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Arcadia United Methodist Church was organized in 1919 in a small abandoned Episcopal church building located at the corner of Wallace Park.

Owned by the Paducah Traction Company, Wallace Park included a large area from 31st and Jefferson Streets (where the Coca-Cola building is now located). It circled from a point on Jefferson and included parts of Buckner Lane, to Alben Barkley Drive, turning back onto Lone Oak Road, making a complete circle. Wallace Park was a busy place and a staple within the community. Throughout the year, particularly during the warmer months, there were activities abounding. The park was home for baseball diamonds and bleachers, a movie theater, an open-air dance pavilion, picnic areas, and lots of trees! Streetcars would make their round trips on schedule from downtown to Wallace Park via Jefferson Street. The track was located where the Jefferson Street grass median is now.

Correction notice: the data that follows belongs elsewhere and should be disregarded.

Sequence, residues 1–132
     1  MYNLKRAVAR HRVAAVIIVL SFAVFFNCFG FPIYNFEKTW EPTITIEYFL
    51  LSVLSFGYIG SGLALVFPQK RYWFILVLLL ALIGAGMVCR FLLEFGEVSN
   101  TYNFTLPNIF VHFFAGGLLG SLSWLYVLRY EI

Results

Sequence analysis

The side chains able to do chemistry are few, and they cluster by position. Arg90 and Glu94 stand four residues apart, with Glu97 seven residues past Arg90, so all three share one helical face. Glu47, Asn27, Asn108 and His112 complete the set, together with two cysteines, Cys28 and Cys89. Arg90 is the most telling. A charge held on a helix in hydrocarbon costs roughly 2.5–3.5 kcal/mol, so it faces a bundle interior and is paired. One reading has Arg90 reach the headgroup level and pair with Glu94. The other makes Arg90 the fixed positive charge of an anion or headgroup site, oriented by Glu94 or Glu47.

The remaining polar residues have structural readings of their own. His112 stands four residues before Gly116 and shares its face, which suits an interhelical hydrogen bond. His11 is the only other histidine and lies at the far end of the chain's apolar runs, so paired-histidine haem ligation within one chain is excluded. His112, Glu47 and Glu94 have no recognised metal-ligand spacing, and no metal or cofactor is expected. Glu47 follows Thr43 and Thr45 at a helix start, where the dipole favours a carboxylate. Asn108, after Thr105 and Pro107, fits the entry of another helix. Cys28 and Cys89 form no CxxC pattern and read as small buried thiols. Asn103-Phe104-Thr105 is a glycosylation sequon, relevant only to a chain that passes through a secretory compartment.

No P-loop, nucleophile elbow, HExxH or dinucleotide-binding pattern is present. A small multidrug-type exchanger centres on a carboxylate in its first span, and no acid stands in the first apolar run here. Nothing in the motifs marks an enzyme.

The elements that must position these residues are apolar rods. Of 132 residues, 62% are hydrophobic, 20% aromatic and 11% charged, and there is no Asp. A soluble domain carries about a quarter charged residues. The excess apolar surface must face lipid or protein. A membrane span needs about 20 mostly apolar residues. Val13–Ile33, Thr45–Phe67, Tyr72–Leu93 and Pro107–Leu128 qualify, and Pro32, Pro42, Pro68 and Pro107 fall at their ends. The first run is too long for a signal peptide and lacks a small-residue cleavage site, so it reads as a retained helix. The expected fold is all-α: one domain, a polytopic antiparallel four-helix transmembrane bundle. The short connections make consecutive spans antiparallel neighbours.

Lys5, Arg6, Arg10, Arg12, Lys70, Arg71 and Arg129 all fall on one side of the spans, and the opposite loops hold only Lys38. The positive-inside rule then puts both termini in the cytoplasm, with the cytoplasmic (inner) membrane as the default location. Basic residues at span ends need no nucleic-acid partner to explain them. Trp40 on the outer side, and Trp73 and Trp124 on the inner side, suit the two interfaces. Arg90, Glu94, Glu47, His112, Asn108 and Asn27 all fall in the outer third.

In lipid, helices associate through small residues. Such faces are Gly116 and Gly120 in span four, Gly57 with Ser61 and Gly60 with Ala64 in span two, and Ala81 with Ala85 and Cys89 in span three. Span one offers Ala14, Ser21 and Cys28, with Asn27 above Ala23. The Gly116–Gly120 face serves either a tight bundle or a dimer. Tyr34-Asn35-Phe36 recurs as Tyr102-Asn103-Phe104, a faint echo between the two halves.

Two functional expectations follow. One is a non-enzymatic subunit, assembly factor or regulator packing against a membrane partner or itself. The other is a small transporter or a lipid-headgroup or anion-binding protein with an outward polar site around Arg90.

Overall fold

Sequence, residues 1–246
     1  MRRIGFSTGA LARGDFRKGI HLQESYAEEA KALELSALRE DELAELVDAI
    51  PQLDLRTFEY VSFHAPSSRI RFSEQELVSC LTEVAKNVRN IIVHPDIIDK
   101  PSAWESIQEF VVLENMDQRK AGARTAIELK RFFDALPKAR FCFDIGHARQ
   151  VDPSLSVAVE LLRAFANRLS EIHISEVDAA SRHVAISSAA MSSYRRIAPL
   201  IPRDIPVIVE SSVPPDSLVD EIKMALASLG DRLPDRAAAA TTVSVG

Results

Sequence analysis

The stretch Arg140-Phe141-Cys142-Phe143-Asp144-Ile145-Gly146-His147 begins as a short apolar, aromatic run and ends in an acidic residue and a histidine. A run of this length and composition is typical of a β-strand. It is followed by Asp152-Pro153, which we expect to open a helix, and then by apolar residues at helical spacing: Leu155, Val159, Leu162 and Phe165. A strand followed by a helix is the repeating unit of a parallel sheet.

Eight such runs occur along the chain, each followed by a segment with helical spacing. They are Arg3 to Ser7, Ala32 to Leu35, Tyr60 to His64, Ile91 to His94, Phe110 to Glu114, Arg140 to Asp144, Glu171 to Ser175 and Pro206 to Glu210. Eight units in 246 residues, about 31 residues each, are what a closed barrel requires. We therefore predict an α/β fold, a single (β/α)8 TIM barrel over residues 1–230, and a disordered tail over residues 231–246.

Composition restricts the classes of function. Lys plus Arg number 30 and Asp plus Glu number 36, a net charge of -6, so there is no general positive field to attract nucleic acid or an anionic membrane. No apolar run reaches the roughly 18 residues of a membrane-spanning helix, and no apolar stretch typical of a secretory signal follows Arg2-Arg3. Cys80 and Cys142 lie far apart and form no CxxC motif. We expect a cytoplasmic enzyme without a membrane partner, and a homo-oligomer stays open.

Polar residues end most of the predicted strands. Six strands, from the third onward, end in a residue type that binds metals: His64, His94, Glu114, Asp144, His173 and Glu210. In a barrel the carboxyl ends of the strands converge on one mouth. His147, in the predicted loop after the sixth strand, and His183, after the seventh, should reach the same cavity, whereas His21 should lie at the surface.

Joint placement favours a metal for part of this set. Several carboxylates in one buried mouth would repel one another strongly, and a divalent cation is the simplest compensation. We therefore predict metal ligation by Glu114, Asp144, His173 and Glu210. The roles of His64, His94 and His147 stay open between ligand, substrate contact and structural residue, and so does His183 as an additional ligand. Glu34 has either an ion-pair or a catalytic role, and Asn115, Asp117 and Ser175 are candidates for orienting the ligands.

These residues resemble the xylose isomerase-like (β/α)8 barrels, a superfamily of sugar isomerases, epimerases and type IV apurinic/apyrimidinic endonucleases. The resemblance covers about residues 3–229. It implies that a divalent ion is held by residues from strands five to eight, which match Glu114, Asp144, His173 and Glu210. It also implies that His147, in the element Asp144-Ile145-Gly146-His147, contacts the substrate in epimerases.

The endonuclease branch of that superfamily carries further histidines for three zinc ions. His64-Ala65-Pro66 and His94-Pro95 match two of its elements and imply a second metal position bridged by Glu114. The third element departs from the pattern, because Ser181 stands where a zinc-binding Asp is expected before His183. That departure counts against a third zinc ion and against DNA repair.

Source: Digital Collections, McCracken County Public Library




Number one on the priority list was a place to meet. The initial thought was to simply contact the school board to request permission to meet in the Arcadia School building. But another possibility was presented. On the southwest corner of Wallace Park stood a small, neglected church building owned by Grace Episcopal Church. The Methodists began to make an effort to obtain permission to use the building but another denomination was also interested. Not to be discouraged, they believed God would provide a way for this building to once again be a proud worship center.